Marie wanted to escape death. Not in the spiritualistic way investigated by Hereford and Marie; and not through nutrition, which would eventually still lose out to time. There was a new method, a bit of science fiction made real: cryonics. The freezing of a recently dead body and its preservation until medical science could reverse damages and revivify the body. The early to mid-1960s had seen a burst of interest in cryonics, notably Robert Ettinger’s book The Prospect of Immortality, which wikipedia says was supported by science fiction authors Isaac Asimov and Frederick Pohl. The various activities led to the 1966 founding of the Cryonics Society of California. Marie and Russ both became members.
But there were grave difficulties with their preservation. The first problem was that Marie died unexpectedly, and alone in a motel room, so could not be immediately tended to; the second problem was that neither Marie nor the Cryonics Society had money. She passed the night of August 26, 1967, aged 74, and wasn’t picked up for hours, it seems. Her body was set on dry ice for several days in the garage of a sympathetic mortuary owner while the Society scrambled for funding. Eventually, the Society obtained a capsule to hold the bodies, but though it was designed for a single body, the Society was forced to put four into it, including Marie’s. Russ, who had not known of Marie’s death at the time, was relieved to hear she might be revived again, and set about raising money to preserve his wife’s remains until science could catch up with science fiction.
It wasn’t enough. The liquid nitrogen capsules stopped working. In 1971, the Society decided to stop repairing the first capsule, and put all its efforts into a second one. Marie had gotten four years beyond the Biblical three-score-and-ten in the first place, and eked out—maybe?—a grotesque four more. But that was the end. Eventually, the Cryonics Society of California went belly up, and all the bodies decomposed.
Russ died in 1975. DeWilton passed in 2011.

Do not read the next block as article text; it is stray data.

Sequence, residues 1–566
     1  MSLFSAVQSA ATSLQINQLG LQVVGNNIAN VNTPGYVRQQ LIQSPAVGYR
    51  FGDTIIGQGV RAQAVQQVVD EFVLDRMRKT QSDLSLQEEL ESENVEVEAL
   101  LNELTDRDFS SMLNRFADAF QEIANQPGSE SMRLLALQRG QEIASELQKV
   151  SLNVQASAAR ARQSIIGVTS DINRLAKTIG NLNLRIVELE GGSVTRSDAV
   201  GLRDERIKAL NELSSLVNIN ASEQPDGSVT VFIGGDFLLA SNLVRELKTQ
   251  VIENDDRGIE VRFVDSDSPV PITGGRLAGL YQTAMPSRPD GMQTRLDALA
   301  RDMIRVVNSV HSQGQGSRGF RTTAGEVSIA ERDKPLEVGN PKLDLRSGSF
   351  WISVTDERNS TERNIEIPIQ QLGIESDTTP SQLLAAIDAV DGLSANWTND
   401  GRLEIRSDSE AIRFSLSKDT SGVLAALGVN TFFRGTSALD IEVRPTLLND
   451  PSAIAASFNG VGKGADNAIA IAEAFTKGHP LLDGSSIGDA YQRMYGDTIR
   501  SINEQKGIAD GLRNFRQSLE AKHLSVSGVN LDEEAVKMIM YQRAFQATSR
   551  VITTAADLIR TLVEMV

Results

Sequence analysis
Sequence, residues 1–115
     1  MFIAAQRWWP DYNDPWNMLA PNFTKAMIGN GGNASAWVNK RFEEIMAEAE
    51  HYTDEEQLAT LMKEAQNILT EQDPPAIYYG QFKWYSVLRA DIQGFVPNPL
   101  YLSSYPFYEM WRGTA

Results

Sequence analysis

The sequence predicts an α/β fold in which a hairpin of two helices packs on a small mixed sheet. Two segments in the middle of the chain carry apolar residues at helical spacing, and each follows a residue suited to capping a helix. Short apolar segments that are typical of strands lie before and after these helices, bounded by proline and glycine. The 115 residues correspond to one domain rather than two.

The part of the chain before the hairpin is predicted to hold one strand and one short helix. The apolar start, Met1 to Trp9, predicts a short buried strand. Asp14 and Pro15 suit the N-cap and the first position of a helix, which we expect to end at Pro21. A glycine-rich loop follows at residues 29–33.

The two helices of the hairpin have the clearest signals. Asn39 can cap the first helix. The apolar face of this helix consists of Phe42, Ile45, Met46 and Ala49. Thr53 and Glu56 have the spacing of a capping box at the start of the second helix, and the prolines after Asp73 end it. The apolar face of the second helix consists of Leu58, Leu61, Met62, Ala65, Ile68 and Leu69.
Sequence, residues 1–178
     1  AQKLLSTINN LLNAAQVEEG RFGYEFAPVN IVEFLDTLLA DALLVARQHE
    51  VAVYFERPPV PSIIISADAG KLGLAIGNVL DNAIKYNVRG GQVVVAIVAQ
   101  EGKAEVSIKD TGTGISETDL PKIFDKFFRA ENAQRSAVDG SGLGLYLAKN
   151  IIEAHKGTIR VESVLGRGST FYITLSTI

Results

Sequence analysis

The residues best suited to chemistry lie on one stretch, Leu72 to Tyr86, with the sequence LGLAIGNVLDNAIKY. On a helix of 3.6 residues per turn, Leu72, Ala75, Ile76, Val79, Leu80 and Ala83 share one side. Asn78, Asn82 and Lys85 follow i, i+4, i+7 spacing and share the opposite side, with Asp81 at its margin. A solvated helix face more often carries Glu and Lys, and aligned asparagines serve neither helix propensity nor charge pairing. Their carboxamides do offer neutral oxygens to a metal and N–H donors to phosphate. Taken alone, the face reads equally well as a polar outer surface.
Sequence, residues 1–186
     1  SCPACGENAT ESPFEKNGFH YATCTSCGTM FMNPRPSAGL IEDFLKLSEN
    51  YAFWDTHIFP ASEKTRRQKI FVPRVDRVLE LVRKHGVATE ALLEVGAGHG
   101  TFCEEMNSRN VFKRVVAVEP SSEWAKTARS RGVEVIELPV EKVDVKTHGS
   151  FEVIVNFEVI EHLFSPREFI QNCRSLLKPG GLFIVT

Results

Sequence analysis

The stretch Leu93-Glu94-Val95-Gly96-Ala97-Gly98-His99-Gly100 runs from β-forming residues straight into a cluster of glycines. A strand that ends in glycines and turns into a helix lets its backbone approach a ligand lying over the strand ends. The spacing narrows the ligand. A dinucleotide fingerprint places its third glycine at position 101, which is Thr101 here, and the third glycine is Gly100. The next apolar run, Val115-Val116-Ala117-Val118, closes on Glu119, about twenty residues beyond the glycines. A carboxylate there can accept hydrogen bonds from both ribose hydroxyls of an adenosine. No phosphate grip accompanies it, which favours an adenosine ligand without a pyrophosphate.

Although Marie shared interests with Forteans—civil rights, pacifism, spiritualism, naturopathy—there’s little connection between her and the Fortean Society, or Charles Fort, for that matter. I have found her making no references to Fort, Forteanism, or the Fortean Society in her writings. And her name only appeared once the Fortean Society magazine Doubt, issue 14, spring 1946. Although she was a member—like her husband—her contribution was minor, and her attachment to the Society seemingly more by association than inclination or interest.
Sweet wrote into the Fortean Society to complain about another Fortean, Faber Birren, a color expert and friend of Thayer. She thought that he had not given sufficient credit to the German scientist Wilhelm Ostwald. “Salvo after salvo” came from her pen, Thayer said.
Sweet had been familiar with Ostwald at least since the late 1930s, when she compiled some of his writings as part of a WPA project. Likely, this was an outgrowth of her own artistic interests—she was teaching art around that time, recall. Thayer looked into the matter and decided that Birren had given Ostwald plenty of credit. Nonetheless, he still published her paper—even if, he said, it was as dogmatic about the color spectrum as Birren. And, indeed, the article presented a standard description of the color wheel, while also giving a rudimentary discussion of Ostwald’s particular classification system.
And that was that—a brief encounter in a life more interesting and long.